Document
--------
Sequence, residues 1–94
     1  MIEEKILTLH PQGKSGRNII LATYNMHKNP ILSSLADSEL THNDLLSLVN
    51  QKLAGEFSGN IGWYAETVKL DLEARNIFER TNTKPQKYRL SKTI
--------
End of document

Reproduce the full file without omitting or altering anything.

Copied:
Sequence, residues 1–94
     1  MIEEKILTLH PQGKSGRNII LATYNMHKNP ILSSLADSEL THNDLLSLVN
    51  QKLAGEFSGN IGWYAETVKL DLEARNIFER TNTKPQKYRL SKTI